Ze'ev Rosenstein, escorted by Israeli Police officers, on his way from Israel to trial in the USA
|Born||1954 (age 61–62)
Tel Aviv, Israel
Zeev Rosenstein (Hebrew: זאב רוזנשטיין; born 1954) is an infamous Israeli mob boss and drug trafficker. Rosenstein was born to a Romanian Jewish father and a mountain Jewish mother in Yafo, Israel.
On 11 December 2003, a bomb aimed at Rosenstein killed three people and injured 18 others in Tel Aviv. The bombing led to a media outcry against the Israeli mob families, with newspapers comparing them with the Palestinians in terms of threat to the Israeli state. Ariel Sharon called an emergency cabinet meeting and the government announced an extra 500 million shekels ($100 million US) in the fight against organised crime. The bombing was the seventh attempt on the life of Rosenstein, who became known as the "wolf with seven lives" (Zeev meaning wolf in Hebrew), and was said to have been carried out by the Abergil Crime Family, which Rosenstein had been feuding with for several years.
In November 2004, after 700,000 ecstasy tablets were seized in a Manhattan apartment, he was charged with distributing ecstasy in the United States in a joint effort of U.S. Department of Justice and Israeli Ministry of Justice.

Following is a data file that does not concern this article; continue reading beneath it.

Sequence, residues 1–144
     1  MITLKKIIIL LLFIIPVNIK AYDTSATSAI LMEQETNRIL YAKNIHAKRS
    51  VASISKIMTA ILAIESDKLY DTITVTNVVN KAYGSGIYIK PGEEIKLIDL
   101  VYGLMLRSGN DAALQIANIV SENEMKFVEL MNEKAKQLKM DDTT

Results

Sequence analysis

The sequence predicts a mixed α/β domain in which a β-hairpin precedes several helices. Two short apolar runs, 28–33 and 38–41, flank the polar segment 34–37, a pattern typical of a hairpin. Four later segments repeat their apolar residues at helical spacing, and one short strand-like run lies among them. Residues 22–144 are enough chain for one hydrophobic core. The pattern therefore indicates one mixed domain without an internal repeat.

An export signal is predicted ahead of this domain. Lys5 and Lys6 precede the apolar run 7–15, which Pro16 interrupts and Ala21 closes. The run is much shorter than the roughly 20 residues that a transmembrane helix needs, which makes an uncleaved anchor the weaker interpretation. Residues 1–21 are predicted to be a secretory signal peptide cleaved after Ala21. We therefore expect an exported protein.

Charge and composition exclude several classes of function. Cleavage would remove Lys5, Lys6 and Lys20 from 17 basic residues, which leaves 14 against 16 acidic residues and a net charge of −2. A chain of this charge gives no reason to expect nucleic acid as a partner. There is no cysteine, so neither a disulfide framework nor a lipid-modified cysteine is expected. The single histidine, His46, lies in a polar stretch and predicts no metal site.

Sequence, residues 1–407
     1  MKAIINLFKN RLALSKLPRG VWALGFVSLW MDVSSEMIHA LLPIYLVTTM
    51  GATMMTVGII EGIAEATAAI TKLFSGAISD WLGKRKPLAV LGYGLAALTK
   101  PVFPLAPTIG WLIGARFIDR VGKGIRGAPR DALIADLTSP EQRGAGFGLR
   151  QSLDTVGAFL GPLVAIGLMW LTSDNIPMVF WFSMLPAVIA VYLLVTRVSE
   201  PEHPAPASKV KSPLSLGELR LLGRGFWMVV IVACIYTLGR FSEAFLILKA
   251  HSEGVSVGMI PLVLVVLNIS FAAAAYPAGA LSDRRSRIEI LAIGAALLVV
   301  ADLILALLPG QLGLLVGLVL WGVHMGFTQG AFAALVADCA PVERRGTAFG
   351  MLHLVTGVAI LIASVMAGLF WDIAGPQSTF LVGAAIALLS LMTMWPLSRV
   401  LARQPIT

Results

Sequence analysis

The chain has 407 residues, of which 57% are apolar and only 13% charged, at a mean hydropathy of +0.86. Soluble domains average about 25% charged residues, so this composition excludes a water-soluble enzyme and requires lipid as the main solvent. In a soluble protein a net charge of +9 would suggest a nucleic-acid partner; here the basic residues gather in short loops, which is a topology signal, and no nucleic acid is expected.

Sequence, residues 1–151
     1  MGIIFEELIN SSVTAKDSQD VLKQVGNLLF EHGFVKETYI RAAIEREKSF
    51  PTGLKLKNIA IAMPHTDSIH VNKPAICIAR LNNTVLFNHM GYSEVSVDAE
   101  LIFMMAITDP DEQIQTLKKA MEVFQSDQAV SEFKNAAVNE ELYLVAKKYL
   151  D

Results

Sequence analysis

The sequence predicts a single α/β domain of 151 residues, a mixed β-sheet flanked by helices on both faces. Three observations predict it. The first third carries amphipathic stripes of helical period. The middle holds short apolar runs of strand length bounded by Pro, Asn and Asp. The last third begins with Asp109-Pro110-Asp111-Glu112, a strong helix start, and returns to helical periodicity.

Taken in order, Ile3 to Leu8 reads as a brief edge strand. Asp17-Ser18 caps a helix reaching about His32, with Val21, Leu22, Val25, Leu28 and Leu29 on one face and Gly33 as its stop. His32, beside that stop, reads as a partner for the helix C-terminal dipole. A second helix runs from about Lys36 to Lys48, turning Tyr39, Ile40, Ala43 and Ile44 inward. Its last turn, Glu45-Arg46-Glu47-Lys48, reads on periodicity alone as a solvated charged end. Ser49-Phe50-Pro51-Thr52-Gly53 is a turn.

After exhausting his legal options in Israel, a precedent-setting decision by the Supreme Court of Israel,  Rosenstein was extradited to the U.S. on 6 March 2006, making him one of very few Israelis to ever be extradited for prosecution in another country.
Rosenstein pleaded not guilty in U.S. court to the distribution of ecstasy and was sentenced to 12 years in prison. According to the extradition treaty between Israel and the U.S., he would serve his U.S.-imposed sentence in an Israeli prison and be eligible for parole in five years and four months.
- "The International Crooks Now in Power by Joshua Hammer | The New York Review of Books". Nybooks.com. 2008-10-23. Retrieved 2013-05-07.
- Heller, Aron (7 March 2006). "A brazen Israeli underworld". Deseret News.
- Misha Glenny. McMafia. Vintage Books. pp. 138–141. ISBN 978-0-09-948125-6.